Jonathan Zasloff asks I answer

The answer to your question depends on what you mean by "Europeans". Western European governments were on board for Kosovo and Afghanistan so they did not denounce the bombings (except for bombing the Chinese embassy in Belgrade which caused the prime minister of Italy to say too many mistakes were being made). European commentators and journalists were IIRC quite enthusiastic about denouncing NATO bombing of Serbia to the extent that I found the voices pointing out that they had been calling for the USA to do something about Kosovo quite lonely.

I live in Italy. My sense was that public opinion was strongly against the Clinton administration on Kosovo.

As to Afghanistan well 9-11 changed everything for a while. Certainly civilian deaths due to US bombing were reported and many people thought the US should have done better in, for example, not bombing more than one ICRC warehouse in Kabul. My recollection of the war certainly includes recollection of extensive coverage of the US bombing a village tucked into a ravine that looked to someone like a terrorist camp and, of course, extensive extensive discussion of the US bombing red cross buildings (with huge red crosses on their roofs) in Kabul.

If people relying on US news sources have the impression that no one was denouncing the USAF for bombing neutral embassies, civilian targets, and the red cross in both wars, then my concern about the US MSM just turned into panic.

update: Also Matthew Yglesias has a body count and notes that 500<10,000.

Tuesday, August 08, 2006

The Accidental Realist

I define a realist as someone who believes that true statements are statements which correspond to reality, that is, people who accept that there is an external reality and objective truth. I do not assume that a realist thinks such truths must be knowable, that is a realist must believe that ontological objectivity is possible but may believe that epistomological objectivity is mythological like, say, pegasus.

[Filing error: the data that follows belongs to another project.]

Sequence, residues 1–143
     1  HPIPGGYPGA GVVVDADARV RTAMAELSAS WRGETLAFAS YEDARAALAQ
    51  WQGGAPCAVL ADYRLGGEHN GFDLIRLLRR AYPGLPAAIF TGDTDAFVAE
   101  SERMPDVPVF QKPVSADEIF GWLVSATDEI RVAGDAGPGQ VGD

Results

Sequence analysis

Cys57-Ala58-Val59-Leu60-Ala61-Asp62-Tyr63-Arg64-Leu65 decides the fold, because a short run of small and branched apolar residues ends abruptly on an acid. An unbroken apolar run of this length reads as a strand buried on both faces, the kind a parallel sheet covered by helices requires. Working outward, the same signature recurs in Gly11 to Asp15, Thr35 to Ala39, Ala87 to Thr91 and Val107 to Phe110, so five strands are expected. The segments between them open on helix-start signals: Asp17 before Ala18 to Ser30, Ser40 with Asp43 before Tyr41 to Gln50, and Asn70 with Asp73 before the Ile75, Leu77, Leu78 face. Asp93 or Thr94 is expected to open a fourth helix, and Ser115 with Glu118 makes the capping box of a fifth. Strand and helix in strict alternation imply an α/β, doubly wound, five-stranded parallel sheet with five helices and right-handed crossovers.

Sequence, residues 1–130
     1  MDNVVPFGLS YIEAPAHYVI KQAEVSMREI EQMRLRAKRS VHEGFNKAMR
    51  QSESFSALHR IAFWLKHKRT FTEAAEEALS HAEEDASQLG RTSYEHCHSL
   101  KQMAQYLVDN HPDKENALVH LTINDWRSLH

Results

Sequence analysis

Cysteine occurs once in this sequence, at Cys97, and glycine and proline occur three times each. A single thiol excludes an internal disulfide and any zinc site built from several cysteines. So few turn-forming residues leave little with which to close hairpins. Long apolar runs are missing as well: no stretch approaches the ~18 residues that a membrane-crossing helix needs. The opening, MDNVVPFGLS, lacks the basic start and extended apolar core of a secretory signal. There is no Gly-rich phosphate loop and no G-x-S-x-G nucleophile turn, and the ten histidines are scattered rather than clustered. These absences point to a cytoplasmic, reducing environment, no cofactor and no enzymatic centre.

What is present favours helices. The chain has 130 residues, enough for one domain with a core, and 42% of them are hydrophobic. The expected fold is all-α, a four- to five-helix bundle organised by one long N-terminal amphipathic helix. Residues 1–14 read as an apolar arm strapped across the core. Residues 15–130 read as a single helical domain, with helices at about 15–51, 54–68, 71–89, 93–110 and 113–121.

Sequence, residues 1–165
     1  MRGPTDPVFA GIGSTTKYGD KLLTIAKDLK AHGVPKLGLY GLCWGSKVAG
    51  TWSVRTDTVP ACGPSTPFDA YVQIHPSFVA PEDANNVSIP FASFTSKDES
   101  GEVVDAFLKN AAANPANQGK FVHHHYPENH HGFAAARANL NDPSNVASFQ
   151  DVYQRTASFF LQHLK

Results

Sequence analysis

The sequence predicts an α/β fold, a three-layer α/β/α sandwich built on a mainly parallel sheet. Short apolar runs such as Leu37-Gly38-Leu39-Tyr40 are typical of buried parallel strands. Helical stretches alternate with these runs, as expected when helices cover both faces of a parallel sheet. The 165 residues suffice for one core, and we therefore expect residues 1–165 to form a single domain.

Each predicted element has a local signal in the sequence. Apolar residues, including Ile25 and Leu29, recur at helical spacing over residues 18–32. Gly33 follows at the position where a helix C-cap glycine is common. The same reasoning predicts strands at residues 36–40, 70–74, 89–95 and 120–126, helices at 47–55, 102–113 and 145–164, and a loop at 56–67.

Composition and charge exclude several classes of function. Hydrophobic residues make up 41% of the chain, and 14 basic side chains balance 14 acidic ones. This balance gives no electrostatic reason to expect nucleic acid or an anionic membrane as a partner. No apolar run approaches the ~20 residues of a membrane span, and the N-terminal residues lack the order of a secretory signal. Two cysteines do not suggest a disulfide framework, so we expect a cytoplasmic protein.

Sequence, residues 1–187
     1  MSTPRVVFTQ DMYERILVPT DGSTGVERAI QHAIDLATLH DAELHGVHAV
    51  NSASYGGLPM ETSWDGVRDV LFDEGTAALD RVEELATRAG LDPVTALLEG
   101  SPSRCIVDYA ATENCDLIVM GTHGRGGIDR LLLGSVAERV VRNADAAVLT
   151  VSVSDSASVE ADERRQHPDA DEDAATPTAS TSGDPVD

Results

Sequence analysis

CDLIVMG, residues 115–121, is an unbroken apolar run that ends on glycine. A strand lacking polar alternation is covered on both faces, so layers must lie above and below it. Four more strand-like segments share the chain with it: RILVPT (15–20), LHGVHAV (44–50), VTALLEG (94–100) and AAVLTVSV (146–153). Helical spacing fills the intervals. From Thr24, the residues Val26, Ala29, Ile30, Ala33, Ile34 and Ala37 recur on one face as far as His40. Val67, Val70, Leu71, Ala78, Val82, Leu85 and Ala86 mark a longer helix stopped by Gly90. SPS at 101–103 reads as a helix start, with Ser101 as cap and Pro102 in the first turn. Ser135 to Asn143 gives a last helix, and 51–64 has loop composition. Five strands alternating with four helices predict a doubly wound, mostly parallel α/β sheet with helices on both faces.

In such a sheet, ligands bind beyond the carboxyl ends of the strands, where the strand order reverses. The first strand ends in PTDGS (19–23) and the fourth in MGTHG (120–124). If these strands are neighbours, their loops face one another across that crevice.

I think everyone is a realist. I don't think it is humanly possible to get away from it. This doesn't mean we are right (or that we exist outside of the feavered dreams of your brain). I think that basic principles of Quantum mechanics are undeniable but just won't fit in a human brain, so that the claims of physicists seem to be logically inconsistent and definitely false even when they are just describing the results of experiments.

In any case, many people who claim to reject realism fail to do so. Let me consider the case of Prof Stanley Fish (again). He is a smart guy. He claims he is not a realist. He writes in English not in semi translated French. He has a weird view about what a professor may and may not do

it shows us where the line between the responsible and irresponsible practice of academic freedom should always be drawn. Any idea can be brought into the classroom if the point is to inquire into its structure, history, influence and so forth. But no idea belongs in the classroom if the point of introducing it is to recruit your students for the [snip] agenda it may be thought to imply.

[big snip]

Not at all. It is perfectly possible to teach a viewpoint without embracing it and urging it. But the moment a professor does embrace and urge it, academic study has ceased and been replaced by partisan advocacy.